‘All the Single Ladies’ by Rebecca Traister

August 18, 2016 at 6:39 am 1 comment

Since it came out earlier this year, Rebecca Traister’s All the Single Ladies: Unmarried Women and the Rise of an Independent Nation seems to have skyrocketed to the top of every feminist booklist. And with good reason! Traister is curious, thoughtful, and thorough in her examination of the current state of affairs for unmarried women in America.

In All the Single Ladies, Traister explores the multi-faceted experience of being a single woman with sensitivity, insight, and more shocking statistics and facts than you can shake a stick at. Did you know the U.S. House of Representatives didn’t have a women’s restroom until 2011? That the median net worth of a single African American woman in 2014 was just $100? That the American marriage rate is dropping, but so is the divorce rate? All the Single Ladies is, if nothing else, a parade of thought-provoking factoids.

But it is so much more. Much like my reading of Only Child, All the Single Ladies made me think much more deeply about my own personal experiences, in this case as a single woman. Traister looks at every aspect, from the importance of female friendships to the choice to have or not have children to the effect of singledom on one’s career. Her sensitive, even-keeled approach to all these potentially explosive topics was revelatory.

Which isn’t to say there weren’t things that bothered me about the book. Trainster’s early chapter on the history of women in America betrays her lack of historical training. As she jumped back and forth between decades and centuries trying to build a march-of-progress version of history, I found myself tremendously frustrated. Historical trends are more frequently nonlinear and not as simple as “we started here and moved forward smoothly until we came to there.” Simplifying them for the purposes of your argument only weakens it.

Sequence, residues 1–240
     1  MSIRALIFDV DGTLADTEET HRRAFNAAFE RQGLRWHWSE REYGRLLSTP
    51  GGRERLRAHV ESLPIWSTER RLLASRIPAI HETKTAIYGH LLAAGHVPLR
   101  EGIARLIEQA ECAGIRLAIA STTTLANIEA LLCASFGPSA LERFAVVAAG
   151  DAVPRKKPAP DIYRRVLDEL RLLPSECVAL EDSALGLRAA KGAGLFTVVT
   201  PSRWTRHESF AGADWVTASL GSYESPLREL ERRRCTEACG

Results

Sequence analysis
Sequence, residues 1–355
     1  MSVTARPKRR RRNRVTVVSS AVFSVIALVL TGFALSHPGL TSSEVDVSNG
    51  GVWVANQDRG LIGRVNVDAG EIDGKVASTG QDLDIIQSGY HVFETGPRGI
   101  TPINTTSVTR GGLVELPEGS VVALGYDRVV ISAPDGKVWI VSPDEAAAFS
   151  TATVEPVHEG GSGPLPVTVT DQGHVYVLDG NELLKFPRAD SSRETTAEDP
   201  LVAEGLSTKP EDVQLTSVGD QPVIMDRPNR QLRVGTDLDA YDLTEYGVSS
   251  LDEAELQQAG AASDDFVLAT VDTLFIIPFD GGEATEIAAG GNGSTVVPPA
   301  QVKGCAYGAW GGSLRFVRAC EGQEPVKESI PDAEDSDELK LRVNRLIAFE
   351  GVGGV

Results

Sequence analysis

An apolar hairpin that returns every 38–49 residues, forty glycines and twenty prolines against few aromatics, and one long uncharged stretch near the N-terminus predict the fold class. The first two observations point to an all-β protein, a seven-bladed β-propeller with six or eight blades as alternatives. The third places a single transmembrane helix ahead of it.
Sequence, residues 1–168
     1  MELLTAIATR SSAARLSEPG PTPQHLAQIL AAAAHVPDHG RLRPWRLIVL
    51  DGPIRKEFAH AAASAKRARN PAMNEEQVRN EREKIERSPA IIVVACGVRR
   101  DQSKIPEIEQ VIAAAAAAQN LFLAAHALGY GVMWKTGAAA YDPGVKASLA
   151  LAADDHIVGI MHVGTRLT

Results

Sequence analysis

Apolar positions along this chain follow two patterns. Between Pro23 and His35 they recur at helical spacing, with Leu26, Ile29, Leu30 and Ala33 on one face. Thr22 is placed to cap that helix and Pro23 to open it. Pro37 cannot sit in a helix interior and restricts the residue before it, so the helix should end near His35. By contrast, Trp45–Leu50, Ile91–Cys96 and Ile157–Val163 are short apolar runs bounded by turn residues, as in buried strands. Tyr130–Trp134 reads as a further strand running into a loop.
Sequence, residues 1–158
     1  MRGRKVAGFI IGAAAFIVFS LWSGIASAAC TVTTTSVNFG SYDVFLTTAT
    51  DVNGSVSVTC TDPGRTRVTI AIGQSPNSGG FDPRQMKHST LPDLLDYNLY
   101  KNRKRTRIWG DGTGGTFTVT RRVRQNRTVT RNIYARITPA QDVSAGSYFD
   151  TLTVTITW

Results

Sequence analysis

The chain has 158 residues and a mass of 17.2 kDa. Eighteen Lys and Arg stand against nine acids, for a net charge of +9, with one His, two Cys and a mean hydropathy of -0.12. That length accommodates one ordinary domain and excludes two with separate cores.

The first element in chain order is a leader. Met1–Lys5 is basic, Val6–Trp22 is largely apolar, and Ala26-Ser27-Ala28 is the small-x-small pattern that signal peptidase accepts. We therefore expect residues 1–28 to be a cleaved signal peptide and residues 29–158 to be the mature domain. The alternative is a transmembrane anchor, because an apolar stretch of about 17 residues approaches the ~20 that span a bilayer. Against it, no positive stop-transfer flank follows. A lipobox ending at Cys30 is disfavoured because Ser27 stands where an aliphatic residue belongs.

Also, and saying this feels so nitpicky, but a married person writing a book about single women in America? Really? Traister’s personal stories about her previous singledom were great – and used to good effect – but her perspective still reminded me unfavorably of Kristin Newman’s What I Was Doing While You Were Breeding: with the end of a story still firmly anchored in the traditional happy marriage ending, doesn’t that kind of spoil the positive, non-marriage narrative you’ve spent a whole book building?

But these are minor qualms. On the whole, All the Single Ladies was a thought-provoking read that I would recommend to pretty much everyone. There was something I exclaimed over on almost every single page, desperate to share and discuss with whoever happened to be sitting next to me at the time.

We’ve come so far as women in America (a point hammered home during Traister’s excellent discussion of Second Wave Feminism); All the Single Ladies should be required reading for those eager to do more and those who think there isn’t anything left to do. Roll your sleeves up, ladies! Equality starts with us and our understanding of the current place of women in America, bolstered greatly by Traister’s book. So pick up a copy today – your dog days of summer will be greatly improved, I promise!


Entry filed under: Non-fiction. Tags: , , , .

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1 Comment Add your own

  • 1. Maria Oldal  |  August 18, 2016 at 7:02 am

    Added to my reading list!


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